Indonesia’s Financial Sector Omnibus Law: Securities Crowdfunding

Legal Updates
Indonesia’s Financial Sector Omnibus Law: Securities Crowdfunding
5 September 2023

In January 2023, Indonesia enacted Law No. 4 of 2023 on Financial Sector Development and Strengthening, or in Indonesian Pengembangan dan Penguatan Sektor Keuangan (PPSK), which is better known as the Financial Sector Omnibus Law, to regulate the country’s financial sector. Comprising 27 chapters and 341 articles and replacing or amending 17 laws, the Financial Sector Omnibus Law introduces sweeping changes.

SSEK Law Firm is producing a series of articles to highlight some of these key changes under the Financial Sector Omnibus Law, beginning with securities crowdfunding.


Securities crowdfunding has been a saving grace for funding and sustaining micro, small, and medium enterprises (“MSME”), especially during the Covid-19 pandemic. Securities crowdfunding is a fundraising method using a joint-venture scheme in the capital market for companies to commence or develop their businesses. Instead of applying for a loan from banks, with high interest rates and rigid standards, MSMEs can obtain funding from investors through a securities crowdfunding platform.

This growing practice has been a tremendous boon to the MSME economy in Indonesia. The inclusion of securities crowdfunding in the Financial Sector Omnibus Law underlines the need to better regulate and supervise a practice that manages public funds.

Securities Crowdfunding in Indonesia

One of the authorities of Indonesia’s Financial Services Authority (Otoritas Jasa Keuangan or “OJK”) amended by the Financial Sector Omnibus Law, by way of amending several provisions under the Capital Market Law, concerns the organization of raising public funds through the offering of securities using the services of an electronic system operator (securities crowdfunding). This OJK authority is regulated under Article 5(a)(7) of the Capital Market Law.

A securities crowdfunding platform is viewed as better for streamlining the process of raising funds without additional fees or surcharges, efficiently expanding one’s audience. Before the Financial Sector Omnibus Law, crowdfunding was regulated under OJK regulations, which recognized three types of securities generally offered on crowdfunding digital platforms, as follows:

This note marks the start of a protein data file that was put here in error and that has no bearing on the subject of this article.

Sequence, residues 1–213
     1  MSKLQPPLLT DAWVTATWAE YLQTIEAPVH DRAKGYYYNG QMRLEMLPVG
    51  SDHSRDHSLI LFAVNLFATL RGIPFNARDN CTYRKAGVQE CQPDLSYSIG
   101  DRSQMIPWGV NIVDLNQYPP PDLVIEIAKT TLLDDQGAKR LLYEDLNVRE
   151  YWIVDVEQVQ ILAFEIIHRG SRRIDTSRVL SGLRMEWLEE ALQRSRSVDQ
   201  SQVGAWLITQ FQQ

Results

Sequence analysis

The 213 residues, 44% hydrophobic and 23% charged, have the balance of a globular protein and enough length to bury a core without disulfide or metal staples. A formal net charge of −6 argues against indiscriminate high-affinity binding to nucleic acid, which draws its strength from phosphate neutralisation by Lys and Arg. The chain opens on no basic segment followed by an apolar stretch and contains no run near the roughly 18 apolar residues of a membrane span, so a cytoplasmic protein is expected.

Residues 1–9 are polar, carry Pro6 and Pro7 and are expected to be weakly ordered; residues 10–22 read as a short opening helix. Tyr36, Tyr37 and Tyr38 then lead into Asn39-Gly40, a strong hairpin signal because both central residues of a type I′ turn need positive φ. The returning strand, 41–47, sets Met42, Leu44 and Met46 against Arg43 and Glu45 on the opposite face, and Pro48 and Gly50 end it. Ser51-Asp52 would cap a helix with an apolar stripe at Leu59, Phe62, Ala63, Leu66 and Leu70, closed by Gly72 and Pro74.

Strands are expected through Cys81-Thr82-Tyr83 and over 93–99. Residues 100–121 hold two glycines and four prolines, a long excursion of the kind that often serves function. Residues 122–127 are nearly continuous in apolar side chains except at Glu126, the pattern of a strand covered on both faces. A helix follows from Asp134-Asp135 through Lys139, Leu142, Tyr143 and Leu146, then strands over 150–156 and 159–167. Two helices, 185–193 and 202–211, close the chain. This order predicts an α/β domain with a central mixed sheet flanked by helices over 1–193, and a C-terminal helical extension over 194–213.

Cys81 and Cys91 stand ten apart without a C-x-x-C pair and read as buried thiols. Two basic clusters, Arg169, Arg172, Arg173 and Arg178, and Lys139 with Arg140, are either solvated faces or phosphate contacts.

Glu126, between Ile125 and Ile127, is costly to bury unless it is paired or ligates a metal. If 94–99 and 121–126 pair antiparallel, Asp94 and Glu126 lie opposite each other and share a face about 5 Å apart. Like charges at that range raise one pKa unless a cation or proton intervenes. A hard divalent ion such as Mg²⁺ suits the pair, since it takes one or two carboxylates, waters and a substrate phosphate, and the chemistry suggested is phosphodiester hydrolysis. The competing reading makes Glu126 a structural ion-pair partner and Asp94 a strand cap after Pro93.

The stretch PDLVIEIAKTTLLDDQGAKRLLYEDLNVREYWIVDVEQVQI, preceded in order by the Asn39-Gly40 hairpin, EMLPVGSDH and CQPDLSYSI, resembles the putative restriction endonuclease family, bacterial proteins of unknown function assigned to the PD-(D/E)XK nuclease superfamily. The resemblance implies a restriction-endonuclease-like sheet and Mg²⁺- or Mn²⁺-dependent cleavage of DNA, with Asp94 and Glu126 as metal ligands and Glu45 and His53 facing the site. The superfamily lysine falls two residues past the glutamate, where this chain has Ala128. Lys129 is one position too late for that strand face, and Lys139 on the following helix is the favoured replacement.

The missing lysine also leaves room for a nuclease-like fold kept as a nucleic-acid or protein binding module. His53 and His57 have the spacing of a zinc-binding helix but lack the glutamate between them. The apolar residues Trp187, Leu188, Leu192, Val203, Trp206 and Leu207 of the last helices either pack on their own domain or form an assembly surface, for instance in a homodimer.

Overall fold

1. Equity Securities Crowdfunding (Efek Bersifat Ekuitas or "EBE"): In an EBE (share) offering, the issuer carries out a rights issue to issue new shares or other equity that can be converted into shares, which will be offered to investors with a certain valuation. Investors who purchase EBE will own a certain percentage of the issuing company.
  2. Debt Securities Crowdfunding (Efek Bersifat Utang or "EBU"): Issuers who offer an EBU can publish debt securities (e.g., bonds or letters of credit) denominated in Rupiah, which may be used to fund a project for a certain time, with a maturity no longer than two years. Investors who participate in an EBU are considered as lenders and obtain benefit from the repayment of the loan with interest.
  3. Sukuk Crowdfunding: Sukuk operate in the same way as an EBU, but they must comply with sharia principles. Investors benefit from profit-sharing (nisbah) in accordance with the profits derived from the project.

The Financial Sector Omnibus Law is the new umbrella regulation for securities crowdfunding, wherein the OJK and other relevant institutions will enact the implementing regulations for crowdfunding activities. Article 69A, paragraphs (2) and (3) of the Capital Market Law expressly states that the OJK will implement policies, particularly on the maximum requirements for funds raised and the requirements for investors who can use the securities offering mechanism using the services of a licensed securities crowdfunding operator.

As of 2022, the OJK reported that there were 10 licensed securities crowdfunding companies, with total funding collected reaching IDR 50.7 billion.

Crowdfunding will not be considered a public offering and does not need to follow the public offering procedure as specified in the Capital Market Law when (i) the operator offering the securities is licensed by the OJK; (ii) the securities offering is made within a maximum period of 12 months; and (iii) the total funds raised through the securities offering is a maximum of IDR 10 billion.


Given that securities crowdfunding is now governed under the Capital Market Law by virtue of the Financial Sector Omnibus Law, business actors should expect further OJK regulation on public offerings by high-innovation companies with fast growth, particularly for the types of shares that can be issued through a securities crowdfunding digital platform.


This publication is intended for informational purposes only and does not constitute legal advice. Any reliance on the material contained herein is at the user’s own risk. All SSEK publications are copyrighted and may not be reproduced without the express written consent of SSEK.

For More Information, Please Contact
Ira Andamara Eddymurthy
Maria Y. Eka Dewi
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